Honey can be adulterated with low cost sugars obtained from the likes of cane sugar and high fructose syrup (HFCS) to increase yields and profit. These commodities have a similar sugar spectrum to honey on inversion.
Bees that feed on single or mono-floral sources produce honey that is directly related to the source by its ¹³C content. Most bees produce honey from plant nectar derived from the Calvin (C3) photosynthetic cycle and these honeys have a relatively uniform δ¹³C value of - 25 (using the PDB scale). Sucrose produced from cane sugar etc., is derived from the Hatch-Slack (C4) cycle and is heavier in δ¹³C with values ranging from -10 to -16.
Because of the difference in δ¹³C between adulterants and pure honey, Isotope Ratio Mass Spectrometer measurements can indicate if a honey has been adulterated. This is the basis of the AOAC procedure. Honeys that are tested with a δ¹³C value of -23.5 and lower are deemed to be pure. Honeys that have a δ¹³C value between -23.5 and -21.5, fall into a grey area. Honeys that have a δ¹³C of -21.5 or higher are deemed to be adulterated.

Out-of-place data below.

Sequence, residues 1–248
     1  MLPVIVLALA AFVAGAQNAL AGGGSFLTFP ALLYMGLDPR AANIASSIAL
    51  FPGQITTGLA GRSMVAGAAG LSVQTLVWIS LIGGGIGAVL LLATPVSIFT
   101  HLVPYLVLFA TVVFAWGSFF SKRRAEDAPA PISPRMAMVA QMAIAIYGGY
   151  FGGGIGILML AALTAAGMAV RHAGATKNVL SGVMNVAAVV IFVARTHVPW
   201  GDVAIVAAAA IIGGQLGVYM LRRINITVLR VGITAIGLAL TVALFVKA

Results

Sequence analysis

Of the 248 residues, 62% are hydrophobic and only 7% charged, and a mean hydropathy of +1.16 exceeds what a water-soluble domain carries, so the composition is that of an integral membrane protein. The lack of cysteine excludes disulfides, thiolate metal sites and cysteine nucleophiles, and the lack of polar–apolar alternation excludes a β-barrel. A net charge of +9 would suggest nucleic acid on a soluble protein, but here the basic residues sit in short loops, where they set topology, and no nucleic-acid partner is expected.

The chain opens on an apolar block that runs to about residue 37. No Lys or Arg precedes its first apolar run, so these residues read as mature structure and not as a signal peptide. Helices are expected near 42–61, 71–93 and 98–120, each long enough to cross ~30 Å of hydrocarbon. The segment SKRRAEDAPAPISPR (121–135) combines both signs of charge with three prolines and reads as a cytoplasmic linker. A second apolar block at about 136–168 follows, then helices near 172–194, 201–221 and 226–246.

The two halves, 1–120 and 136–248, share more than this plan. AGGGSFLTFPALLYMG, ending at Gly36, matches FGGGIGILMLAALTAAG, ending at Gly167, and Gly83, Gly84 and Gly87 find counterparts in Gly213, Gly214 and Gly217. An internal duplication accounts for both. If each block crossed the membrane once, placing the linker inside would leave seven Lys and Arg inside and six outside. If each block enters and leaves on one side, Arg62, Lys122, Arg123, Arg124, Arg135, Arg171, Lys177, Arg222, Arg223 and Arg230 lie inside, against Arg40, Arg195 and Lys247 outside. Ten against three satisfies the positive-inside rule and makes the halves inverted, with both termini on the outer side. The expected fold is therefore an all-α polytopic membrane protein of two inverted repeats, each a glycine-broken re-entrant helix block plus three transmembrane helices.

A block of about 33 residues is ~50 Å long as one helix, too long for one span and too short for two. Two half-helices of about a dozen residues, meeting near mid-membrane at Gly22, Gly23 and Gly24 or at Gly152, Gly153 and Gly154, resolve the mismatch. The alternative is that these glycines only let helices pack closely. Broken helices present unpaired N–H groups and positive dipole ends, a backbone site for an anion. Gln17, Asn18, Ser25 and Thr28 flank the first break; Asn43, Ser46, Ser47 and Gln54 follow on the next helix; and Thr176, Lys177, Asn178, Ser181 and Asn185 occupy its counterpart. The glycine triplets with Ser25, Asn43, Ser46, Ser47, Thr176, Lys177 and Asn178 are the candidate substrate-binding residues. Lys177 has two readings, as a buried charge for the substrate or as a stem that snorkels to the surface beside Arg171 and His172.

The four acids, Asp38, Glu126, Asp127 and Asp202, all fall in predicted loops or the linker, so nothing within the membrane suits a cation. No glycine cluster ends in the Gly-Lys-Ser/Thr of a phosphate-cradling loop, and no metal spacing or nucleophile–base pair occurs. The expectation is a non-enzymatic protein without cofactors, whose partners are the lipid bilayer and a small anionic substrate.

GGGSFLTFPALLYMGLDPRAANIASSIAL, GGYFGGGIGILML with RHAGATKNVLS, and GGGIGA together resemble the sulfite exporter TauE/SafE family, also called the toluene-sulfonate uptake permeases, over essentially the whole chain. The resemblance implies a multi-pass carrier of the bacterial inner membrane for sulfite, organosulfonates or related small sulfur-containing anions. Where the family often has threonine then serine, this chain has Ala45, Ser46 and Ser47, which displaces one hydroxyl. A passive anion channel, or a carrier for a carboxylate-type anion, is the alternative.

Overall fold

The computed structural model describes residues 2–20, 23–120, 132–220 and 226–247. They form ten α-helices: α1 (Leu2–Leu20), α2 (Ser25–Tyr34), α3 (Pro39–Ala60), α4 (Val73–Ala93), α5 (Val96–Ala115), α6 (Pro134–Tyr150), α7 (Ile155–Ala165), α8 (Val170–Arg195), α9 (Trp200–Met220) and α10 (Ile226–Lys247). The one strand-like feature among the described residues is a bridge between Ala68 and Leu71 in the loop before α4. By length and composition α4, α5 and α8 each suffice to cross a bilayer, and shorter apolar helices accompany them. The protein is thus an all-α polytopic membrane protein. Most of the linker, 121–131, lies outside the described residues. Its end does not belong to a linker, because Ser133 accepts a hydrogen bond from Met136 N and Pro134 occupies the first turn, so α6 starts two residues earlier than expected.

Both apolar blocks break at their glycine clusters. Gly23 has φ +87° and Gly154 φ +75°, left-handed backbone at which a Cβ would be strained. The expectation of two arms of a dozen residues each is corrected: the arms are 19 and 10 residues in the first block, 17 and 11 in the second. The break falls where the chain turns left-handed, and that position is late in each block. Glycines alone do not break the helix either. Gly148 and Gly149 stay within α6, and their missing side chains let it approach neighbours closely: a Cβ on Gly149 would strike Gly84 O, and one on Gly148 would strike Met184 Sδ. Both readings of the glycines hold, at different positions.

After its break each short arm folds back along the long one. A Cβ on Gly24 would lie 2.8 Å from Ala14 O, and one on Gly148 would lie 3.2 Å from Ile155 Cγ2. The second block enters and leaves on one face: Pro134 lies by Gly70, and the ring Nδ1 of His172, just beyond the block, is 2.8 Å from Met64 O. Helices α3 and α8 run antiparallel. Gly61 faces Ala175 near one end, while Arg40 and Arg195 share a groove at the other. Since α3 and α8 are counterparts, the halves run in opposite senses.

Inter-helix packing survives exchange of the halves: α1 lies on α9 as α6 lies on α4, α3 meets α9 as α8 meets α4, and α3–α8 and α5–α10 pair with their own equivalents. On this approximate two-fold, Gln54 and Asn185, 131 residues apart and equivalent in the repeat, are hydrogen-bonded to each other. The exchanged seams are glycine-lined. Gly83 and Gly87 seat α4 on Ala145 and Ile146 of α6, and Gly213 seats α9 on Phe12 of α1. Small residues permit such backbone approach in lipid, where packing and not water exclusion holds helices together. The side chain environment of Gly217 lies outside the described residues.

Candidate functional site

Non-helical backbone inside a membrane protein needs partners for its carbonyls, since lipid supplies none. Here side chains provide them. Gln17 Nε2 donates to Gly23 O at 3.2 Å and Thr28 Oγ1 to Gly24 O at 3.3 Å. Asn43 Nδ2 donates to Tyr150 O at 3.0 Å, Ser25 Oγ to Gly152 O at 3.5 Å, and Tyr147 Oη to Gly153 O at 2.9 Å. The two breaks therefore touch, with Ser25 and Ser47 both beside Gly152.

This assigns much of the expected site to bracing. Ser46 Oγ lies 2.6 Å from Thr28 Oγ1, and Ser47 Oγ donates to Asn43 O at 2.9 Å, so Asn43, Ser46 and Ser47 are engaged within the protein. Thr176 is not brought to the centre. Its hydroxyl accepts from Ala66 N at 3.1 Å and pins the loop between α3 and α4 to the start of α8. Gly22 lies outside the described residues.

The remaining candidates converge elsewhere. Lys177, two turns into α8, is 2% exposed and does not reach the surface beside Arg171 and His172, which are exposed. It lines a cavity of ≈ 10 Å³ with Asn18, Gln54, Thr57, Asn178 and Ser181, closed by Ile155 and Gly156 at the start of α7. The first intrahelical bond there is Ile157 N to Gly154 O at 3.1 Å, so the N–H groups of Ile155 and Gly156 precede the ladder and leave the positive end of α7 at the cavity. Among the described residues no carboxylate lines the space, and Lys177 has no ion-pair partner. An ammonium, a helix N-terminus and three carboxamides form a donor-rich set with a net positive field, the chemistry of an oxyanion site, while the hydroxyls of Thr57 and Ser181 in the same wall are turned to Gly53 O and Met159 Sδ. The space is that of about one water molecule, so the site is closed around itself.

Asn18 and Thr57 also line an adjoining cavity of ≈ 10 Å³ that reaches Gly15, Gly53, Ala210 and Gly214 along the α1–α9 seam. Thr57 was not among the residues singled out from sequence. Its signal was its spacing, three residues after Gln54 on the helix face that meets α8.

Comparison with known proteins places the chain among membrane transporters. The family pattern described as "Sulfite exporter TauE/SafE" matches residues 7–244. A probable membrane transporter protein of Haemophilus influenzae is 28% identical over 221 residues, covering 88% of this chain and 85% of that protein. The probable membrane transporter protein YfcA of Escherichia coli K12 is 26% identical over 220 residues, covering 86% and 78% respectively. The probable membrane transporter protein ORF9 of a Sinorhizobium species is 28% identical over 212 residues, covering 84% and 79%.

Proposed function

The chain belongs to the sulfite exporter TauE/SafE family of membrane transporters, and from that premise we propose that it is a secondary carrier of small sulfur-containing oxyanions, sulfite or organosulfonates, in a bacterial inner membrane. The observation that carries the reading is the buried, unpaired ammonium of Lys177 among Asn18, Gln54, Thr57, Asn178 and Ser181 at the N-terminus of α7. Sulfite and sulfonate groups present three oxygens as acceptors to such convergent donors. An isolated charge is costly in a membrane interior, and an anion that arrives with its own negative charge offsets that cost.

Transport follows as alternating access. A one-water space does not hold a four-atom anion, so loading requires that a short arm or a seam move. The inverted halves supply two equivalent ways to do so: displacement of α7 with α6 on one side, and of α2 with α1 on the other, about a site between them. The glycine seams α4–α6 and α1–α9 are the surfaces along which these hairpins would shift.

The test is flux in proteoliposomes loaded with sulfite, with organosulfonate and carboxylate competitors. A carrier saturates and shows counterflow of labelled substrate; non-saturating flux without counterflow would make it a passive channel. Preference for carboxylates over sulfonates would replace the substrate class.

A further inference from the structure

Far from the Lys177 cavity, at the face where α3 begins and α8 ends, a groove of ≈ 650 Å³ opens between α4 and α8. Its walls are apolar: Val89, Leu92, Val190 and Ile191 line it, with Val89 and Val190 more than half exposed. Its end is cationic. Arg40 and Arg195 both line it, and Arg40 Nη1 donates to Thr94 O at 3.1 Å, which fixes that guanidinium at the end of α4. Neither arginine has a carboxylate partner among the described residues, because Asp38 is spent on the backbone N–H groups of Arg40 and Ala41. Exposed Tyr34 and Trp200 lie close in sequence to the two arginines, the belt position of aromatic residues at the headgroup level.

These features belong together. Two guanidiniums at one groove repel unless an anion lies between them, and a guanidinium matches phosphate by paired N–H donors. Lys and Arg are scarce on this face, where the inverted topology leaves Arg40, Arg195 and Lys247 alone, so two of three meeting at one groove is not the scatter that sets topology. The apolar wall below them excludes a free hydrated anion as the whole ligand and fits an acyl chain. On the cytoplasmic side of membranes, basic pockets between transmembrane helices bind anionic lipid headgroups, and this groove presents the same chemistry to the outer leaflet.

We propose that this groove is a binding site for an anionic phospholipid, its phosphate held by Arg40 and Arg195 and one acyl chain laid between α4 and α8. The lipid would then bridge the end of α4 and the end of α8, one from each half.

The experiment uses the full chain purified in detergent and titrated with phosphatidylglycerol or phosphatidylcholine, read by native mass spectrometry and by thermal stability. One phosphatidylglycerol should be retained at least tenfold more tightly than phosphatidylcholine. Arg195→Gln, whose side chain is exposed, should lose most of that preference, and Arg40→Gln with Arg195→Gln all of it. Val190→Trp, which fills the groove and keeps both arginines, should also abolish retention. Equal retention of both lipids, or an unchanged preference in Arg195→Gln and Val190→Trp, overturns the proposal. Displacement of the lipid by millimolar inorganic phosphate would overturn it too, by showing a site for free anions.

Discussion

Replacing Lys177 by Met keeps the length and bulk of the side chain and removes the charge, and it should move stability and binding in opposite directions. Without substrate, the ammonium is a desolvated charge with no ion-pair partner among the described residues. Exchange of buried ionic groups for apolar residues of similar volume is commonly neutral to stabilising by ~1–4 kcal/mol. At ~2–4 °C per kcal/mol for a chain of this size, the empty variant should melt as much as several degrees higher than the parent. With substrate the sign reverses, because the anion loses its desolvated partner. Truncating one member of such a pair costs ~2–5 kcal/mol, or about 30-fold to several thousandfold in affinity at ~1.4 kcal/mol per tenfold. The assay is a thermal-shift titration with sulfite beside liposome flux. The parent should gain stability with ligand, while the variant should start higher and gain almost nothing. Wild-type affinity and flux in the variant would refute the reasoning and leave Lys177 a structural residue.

ISCIRA TEST (Internal Standard)
It is the grey area that would be adulterators target as they become increasingly aware of the testing procedures, thus a secondary test is also used. This secondary test is also useful for honeys such as acacia which have a δ¹³C value higher than -23.5. As previously mentioned bees produce δ¹³C close to its source. The protein contained in the honey will have a similar δ¹³C value close to that of the honey sugars. Thus the results from the two tests should be similar in the absence of adulteration. Using the difference between the two procedures allows an estimate of the level of adulteration that has occurred. This procedure has also been adopted by the AOAC.
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